Pew Hosts Treasury Secretary Lew for Financial Reform Discussion
December 5, 2013
The Pew Charitable Trusts
901 E Street,
Washington, D.C. 20004
In a broad policy address at The Pew Charitable Trusts on Thursday, Dec. 5, U.S. Treasury Secretary Jacob J. Lew outlined new financial protections put in place in the wake of the 2008 Great Recession and described what still must be done to protect the nation’s economy.
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“Dodd-Frank ended ‘too big to fail’ as a matter of law; tough rules are now in place to make sure banks have the capital to absorb their own losses; monitoring through stress test is underway; and resolution authorities and plans are in place,” Secretary Lew told a gathering of financial experts and journalists at Pew’s Washington, DC headquarters. “There is a growing recognition of these changes, and market analysts are now factoring them into their assumptions.
“Put simply, the reforms we are putting in place raise the cost for a bank to be large, requiring firms to internalize their risks, and together, with resolution authority and living wills, make clear that shareholders, creditors, and executives—not taxpayers—will be responsible if a large financial institution fails.”
Secretary Lew, who was introduced by Pew Senior Advisor Sheila Bair, a former chairman of the Federal Deposit Insurance Corporation, said that while there had been progress in financial reform, important steps remained. He addressed four main areas: the “rules of the road” for modern financial markets; sufficient resources for regulators “to get the job done;” ensuring the standardization of rules with other nations to address international risks; and remaining “vigilant to potential new threats” steming from “both traditional banking and the shadow banking system.”
“Failing to fund supervision and enforcement of the new rules amounts to virtual deregulation. And it puts Americans at risk that financial threats will go unchecked,” Secretary Lew warned.
“Even in tight budgetary times, this is not a budget-driven choice, and we must provide regulators with sufficient resources to make the financial regulatory system work and protect working families from financial harm. How could any of us say to someone who lost their job, home, or retirement security because of lax oversight that a safe financial system was a luxury we could not afford? We saw what that wrought in 2008—and it cost Americans trillions of dollars and untold human misery. We cannot let that happen again.”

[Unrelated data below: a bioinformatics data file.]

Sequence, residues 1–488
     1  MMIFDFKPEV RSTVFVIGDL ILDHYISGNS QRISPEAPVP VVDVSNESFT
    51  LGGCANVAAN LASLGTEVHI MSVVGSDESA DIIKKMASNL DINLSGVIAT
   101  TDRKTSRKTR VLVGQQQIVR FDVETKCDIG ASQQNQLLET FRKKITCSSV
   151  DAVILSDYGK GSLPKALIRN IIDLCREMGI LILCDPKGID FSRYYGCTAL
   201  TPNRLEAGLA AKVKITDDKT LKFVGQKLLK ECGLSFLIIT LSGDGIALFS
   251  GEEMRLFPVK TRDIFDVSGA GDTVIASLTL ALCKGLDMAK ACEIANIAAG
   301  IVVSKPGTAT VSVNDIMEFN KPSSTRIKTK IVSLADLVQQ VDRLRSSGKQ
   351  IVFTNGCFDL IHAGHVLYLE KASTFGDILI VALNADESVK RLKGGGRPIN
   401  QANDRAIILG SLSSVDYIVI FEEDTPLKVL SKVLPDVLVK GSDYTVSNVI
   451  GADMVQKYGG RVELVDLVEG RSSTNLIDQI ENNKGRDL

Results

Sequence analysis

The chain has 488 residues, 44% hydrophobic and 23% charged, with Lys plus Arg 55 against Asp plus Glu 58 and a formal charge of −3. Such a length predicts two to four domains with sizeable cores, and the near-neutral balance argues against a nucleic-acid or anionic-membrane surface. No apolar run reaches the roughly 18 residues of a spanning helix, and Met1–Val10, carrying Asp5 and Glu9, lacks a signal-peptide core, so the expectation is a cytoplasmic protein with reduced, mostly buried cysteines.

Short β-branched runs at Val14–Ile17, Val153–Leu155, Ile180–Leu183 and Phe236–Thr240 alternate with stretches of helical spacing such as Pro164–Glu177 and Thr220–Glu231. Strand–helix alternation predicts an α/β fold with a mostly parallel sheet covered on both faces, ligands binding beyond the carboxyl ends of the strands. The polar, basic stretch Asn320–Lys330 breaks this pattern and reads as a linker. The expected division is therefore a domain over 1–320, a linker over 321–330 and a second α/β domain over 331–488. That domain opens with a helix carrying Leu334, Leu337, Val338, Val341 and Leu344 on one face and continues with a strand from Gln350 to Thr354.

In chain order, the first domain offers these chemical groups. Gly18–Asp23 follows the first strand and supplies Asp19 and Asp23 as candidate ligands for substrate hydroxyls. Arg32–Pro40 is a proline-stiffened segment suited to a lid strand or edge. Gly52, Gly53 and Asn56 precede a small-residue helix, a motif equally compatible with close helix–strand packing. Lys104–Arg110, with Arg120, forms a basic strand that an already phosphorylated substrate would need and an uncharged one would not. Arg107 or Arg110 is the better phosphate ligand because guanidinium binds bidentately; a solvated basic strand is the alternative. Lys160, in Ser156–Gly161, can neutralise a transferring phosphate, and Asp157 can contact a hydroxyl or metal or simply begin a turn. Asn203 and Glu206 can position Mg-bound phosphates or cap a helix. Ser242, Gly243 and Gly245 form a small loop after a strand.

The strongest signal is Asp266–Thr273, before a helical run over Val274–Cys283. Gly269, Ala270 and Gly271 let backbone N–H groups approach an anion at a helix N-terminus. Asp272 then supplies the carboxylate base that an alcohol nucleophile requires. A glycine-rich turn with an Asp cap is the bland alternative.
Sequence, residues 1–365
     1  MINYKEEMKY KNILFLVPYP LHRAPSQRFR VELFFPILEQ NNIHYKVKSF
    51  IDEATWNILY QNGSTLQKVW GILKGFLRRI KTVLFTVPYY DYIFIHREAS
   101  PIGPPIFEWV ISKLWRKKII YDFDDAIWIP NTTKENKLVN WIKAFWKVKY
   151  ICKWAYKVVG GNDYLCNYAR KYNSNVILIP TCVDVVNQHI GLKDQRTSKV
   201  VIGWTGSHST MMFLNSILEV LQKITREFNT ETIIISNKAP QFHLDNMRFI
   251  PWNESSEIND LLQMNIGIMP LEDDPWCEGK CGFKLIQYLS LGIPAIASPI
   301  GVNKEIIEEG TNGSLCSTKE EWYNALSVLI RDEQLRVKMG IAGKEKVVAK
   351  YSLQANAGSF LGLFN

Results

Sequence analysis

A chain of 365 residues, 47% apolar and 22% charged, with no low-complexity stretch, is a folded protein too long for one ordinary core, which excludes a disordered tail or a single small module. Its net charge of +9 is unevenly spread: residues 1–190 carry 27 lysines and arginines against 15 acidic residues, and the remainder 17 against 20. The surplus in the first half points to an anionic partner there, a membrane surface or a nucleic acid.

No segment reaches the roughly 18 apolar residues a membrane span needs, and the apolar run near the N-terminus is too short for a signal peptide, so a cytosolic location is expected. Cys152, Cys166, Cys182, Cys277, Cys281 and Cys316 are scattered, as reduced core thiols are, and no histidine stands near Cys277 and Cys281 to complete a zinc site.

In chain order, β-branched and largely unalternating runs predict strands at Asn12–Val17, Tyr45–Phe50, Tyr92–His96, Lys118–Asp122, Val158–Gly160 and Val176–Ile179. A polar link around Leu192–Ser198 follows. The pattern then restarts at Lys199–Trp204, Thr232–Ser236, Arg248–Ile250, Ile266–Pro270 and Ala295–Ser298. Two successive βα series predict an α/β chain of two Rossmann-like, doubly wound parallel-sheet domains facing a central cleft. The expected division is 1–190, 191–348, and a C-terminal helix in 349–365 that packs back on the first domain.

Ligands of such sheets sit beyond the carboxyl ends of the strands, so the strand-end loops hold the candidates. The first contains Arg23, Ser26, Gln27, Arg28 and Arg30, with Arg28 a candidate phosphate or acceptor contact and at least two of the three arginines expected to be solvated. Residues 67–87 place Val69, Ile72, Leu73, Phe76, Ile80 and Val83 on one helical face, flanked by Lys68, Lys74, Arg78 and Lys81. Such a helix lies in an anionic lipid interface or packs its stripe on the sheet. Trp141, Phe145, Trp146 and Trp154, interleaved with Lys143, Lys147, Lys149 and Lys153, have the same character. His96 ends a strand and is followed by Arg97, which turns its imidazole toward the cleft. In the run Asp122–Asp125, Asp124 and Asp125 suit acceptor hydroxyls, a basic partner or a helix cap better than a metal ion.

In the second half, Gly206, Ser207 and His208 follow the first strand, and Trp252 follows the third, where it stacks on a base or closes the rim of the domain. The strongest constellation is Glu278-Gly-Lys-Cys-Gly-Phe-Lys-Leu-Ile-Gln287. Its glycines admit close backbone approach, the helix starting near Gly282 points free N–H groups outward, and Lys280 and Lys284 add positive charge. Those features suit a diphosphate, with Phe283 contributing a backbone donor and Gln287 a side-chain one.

More about Treasury Secretary Jacob J. Lew
Jack Lew was confirmed by the United States Senate on February 27, 2013, to serve as the 76th Secretary of the Treasury. Secretary Lew previously served as White House Chief of Staff. Prior to that role, Lew was the Director of the Office of Management and Budget (OMB), a position he also held in President Clinton's Cabinet from 1998 to 2001. Before returning to OMB in 2010, Lew first joined the Obama Administration as Deputy Secretary of State for Management and Resources.
Before joining the State Department, Lew served as managing director and chief operating officer for two different Citigroup business units. Prior to that, he was executive vice president and chief operating officer of New York University, where he was responsible for budget, finance, and operations, and served as a professor of public administration. From 2004 through2008, Lew served on the Board of Directors of the Corporation for National and Community Service and chaired its Management, Administration, and Governance Committee. Read more
More about Sheila Bair
Sheila C. Bair served as the 19th Chairman of the Federal Deposit Insurance Corporation for a five-year term, from June 2006 through June 2011.
Chairman Bair has an extensive background in banking and finance in a career that has taken her from Capitol Hill, to academia, to the highest levels of government. Before joining the FDIC in 2006, she was the Dean's Professor of Financial Regulatory Policy for the Isenberg School of Management at the University of Massachusetts-Amherst since 2002. Read more
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Listen to Lew's remarks on financial reform